5. Don’t think. Believe.

Just like opinions, everyone has beliefs on various subjects. Some people have limiting beliefs, other people have empowering beliefs. Regardless of where you stand on a given spectrum, your beliefs shape the actions you’ll take.

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While this post is not predominantly about action or how to achieve something, it’s challenging to argue the premise that one’s preconceptions and inherent notions about life (and themselves) are directly related to their outcomes.

This is why shaping and then acting on the beliefs you already hold is so critical. A belief can only remain a belief if it is tested and holds true. For example, someone could believe the ocean is red, but when they see the ocean, their belief is most likely to be changed.

What does this have to do with the subheading, though? The key is to strengthen the beliefs you already have. In this case, thinking and believing aren’t necessarily worlds apart, but you have to know what you believe—and then believe with conviction—before you can act.

These are five ways you can harness the power of putting different mindsets into practice. This week, rather than thinking about something too much, use one of these prompts to change how you’d approach a situation, and watch how your results transform.

Featured photo credit: Ponder by AleXander Agopian via Flickr via flickr.com

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Brad Johnson

Top 5 Kindle Author | Author of 10 Books

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Last Updated on April 19, 2021

The Art of Taking a Break So You Will Be Productive Again

The Art of Taking a Break So You Will Be Productive Again

Think of yourself as a cup. Each day, you wake up full. But as you go about your day—getting tasks done and interacting with people—the amount in your cup gradually gets lower. And as such, you get less and less effective at whatever it is you’re supposed to be doing. You’re running out of steam.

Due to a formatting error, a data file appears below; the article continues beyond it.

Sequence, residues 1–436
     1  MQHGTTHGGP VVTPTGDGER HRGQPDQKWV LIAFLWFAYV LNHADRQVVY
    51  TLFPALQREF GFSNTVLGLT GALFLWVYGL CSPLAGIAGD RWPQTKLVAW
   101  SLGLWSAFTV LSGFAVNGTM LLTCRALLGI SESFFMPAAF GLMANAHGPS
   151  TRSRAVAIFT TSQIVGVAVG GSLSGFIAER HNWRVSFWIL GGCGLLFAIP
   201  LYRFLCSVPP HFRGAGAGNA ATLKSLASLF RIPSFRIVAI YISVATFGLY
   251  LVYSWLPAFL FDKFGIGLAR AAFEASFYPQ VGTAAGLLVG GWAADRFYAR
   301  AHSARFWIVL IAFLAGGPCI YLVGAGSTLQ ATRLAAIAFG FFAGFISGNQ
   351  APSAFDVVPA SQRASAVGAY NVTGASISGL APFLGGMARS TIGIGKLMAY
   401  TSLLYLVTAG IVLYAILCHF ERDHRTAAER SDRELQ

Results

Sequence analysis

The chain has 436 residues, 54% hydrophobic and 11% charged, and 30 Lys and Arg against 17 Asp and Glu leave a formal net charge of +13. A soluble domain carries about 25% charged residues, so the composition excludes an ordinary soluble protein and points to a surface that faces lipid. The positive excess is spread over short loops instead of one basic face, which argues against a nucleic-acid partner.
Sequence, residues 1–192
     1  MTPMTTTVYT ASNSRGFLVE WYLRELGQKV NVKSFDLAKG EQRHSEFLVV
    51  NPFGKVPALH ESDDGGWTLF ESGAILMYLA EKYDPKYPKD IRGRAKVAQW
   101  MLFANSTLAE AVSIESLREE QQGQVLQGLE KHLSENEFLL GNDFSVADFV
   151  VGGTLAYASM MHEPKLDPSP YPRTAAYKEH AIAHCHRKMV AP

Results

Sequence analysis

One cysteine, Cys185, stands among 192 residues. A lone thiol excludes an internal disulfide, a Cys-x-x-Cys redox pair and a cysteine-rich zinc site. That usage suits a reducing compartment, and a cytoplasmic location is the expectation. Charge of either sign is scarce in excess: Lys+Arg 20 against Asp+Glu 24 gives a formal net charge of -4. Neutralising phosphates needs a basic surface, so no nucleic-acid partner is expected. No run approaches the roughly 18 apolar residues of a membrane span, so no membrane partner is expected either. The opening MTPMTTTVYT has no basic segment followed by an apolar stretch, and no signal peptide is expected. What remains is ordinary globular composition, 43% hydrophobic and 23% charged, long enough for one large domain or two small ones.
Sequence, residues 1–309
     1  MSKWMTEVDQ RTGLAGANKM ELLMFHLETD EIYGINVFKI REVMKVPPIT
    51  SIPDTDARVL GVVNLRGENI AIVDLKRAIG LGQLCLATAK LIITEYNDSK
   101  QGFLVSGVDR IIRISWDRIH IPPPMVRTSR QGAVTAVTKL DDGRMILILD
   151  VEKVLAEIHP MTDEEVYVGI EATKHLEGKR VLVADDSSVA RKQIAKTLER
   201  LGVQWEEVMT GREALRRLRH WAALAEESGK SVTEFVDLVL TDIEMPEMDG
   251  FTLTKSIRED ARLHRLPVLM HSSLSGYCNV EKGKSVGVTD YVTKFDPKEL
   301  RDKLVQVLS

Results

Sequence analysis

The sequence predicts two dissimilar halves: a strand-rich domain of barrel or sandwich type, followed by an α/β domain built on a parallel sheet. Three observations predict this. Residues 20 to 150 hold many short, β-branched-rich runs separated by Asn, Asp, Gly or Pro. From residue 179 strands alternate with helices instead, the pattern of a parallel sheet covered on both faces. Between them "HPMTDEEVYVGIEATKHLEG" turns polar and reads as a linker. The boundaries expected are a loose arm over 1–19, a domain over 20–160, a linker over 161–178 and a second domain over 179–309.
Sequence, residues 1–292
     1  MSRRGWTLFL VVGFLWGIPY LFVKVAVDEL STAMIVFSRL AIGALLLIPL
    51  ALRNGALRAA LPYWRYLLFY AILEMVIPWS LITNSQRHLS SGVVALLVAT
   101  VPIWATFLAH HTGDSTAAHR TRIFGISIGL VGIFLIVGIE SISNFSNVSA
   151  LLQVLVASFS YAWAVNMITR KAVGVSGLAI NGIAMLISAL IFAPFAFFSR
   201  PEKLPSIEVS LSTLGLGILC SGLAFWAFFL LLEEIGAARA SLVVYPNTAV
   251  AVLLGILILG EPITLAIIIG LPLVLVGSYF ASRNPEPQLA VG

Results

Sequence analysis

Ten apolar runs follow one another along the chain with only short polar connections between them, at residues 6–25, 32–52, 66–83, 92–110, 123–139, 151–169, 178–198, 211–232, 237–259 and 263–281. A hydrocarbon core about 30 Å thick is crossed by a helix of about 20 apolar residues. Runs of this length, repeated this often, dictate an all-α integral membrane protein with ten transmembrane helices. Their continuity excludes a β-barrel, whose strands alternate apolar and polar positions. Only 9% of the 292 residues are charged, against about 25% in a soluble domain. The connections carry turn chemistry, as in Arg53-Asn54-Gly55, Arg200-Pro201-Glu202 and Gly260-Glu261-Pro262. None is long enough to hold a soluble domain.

The solution is obvious: if you don’t have anything left to pour out, then you need to find a way to fill yourself up again. In work terms, that means you should take a break—an essential form of revitalizing your motivation and focus.

Taking a break may get a bad rap in hustle culture, but it’s an essential, science-based way to ensure you have the capacity to live your life the way you want to live it.

In the 1980s, when scientists began researching burnout, they described this inner capacity as “resources.” We all need to replenish our resources to cope with stress, work effectively, and avoid burnout.[1]

When the goal is to get things done, it may sound counterproductive to stop what you’re doing. But if you embrace the art of taking a break, you can be more efficient and effective at work.

Here are five ways on how you can take a break and boost your productivity.

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1. Break for the Right Amount of Time, at the Right Time

When I started my first job out of college, I was bent on pleasing my boss as most entry-level employees do. So, every day, I punched in at 9 AM on the dot, took a 60-minute lunch break at noon, and left no earlier than 5 PM.

As I’ve logged more hours in my career, I’ve realized the average, eight-hour workday with an hour lunch break simply isn’t realistic—especially if your goal is to put your best foot forward at work.

That’s why popular productivity techniques like the Pomodoro advocate for the “sprint” principle. Basically, you work for a short burst, then stop for a short, five-minute break. While the Pomodoro technique is a step forward, more recent research shows a shorter burst of working followed by a longer pause from work might actually be a more effective way to get the most out of stepping away from your desk.

The team at DeskTime analyzed more than 5 million records of how workers used their computers on the job. They found that the most productive people worked an average of 52 minutes, then took a 17-minute break afterward.[2]

What’s so special about those numbers? Leave it to neuroscience. According to researchers, the human brain naturally works in spurts of activity that last an hour. Then, it toggles to “low-activity mode.”[3]

Even so, keep in mind that whatever motivates you is the most effective method. It’s more about the premise—when you know you have a “finish line” approaching, you can stay focused on the task or project at hand.

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There are many applications and tools that can help you block distracting websites and apps (such as social media) for specific periods of the day. Similarly, you can also use some mailing apps like Mailbrew to receive all the social media content or newsletters you don’t want to miss in your inbox at a time you decide.